4. After five minutes say, "I want everyone to get with your seat partner (these would have been assigned before the lesson).  You are going to take turns reading to your partner.  If you are not reading, you have a very important job; you will be counting your partner's words!  Our goal is to read fluently.  Try to read quickly and with expression.  Remember, don't read so fast that you don't understand the story."

When the students are in partners give them explicit directions on how they are going to complete the exercise.  "Each time you read you will begin at the beginning of the story and read for one minute.  I will keep the time, so I will tell you when to start and stop.  When I say, "Stop," the student reading will put their finger on the word where they stopped and the student who is recording will count the words to the reader's finger and write the number on the fluency sheet.  Then you will trade jobs and the second person will read.  This will continue back and forth until each student has read three times."  Tell the students that each time they read they will move their "racer" to the number of words that they read that time.  For example, if Kim read 79 words in the first minute she would move her racer to the block that has the number 79.  On Jena's first read, she read 93 words.  She moved her racer to the block with the number 93.  Each time that they read, they write down their score and move their racer closer to the finish line.  By the final read, the students should show improvement.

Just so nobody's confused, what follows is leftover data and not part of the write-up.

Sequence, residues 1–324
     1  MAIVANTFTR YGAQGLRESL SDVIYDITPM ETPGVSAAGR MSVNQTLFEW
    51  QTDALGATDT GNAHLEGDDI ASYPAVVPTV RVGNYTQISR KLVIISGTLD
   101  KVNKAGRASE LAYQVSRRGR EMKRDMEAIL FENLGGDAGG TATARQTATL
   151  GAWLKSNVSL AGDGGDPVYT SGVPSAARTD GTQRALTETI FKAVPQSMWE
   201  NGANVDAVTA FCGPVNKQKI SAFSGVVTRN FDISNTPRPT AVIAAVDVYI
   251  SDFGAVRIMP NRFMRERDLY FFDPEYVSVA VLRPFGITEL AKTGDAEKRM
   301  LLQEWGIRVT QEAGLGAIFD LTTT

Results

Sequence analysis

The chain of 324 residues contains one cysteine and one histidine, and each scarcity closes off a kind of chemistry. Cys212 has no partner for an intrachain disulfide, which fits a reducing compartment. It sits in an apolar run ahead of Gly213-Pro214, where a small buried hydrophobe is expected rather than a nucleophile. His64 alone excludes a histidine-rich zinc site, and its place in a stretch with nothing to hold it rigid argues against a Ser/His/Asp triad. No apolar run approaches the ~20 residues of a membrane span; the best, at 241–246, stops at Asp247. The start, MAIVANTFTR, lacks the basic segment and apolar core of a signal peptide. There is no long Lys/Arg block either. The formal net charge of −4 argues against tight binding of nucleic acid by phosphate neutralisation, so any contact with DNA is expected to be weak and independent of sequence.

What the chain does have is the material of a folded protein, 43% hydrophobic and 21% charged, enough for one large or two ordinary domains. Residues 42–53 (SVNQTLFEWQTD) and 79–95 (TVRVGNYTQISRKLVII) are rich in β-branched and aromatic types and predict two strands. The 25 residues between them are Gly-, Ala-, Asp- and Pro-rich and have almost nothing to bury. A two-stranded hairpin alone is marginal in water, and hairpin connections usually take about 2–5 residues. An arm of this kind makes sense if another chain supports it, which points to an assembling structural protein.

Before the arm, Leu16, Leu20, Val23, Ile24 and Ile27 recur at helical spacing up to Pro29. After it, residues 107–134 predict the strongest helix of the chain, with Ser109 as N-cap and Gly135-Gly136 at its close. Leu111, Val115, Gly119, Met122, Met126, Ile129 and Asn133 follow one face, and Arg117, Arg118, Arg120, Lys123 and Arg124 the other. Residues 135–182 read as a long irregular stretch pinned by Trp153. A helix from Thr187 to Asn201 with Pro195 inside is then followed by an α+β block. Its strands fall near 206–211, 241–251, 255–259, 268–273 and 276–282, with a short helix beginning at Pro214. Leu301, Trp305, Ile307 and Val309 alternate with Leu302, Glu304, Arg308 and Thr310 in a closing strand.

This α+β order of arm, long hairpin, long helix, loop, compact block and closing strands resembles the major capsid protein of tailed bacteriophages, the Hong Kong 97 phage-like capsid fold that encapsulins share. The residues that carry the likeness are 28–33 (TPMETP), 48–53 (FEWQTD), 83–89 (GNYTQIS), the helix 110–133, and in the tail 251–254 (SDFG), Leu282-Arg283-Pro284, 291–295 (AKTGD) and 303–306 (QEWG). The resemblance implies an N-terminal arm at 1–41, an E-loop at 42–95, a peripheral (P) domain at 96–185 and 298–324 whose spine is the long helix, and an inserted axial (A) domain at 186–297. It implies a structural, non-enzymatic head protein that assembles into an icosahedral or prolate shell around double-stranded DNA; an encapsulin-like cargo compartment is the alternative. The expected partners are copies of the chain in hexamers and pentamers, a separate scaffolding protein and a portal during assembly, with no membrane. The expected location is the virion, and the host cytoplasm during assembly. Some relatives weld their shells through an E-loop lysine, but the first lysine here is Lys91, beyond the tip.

5. "On your sheets where you fill in the number of words read, I also want you to color in the bubbles that tell how your partner read.  This will help me to see if you are getting better the more times that you are reading."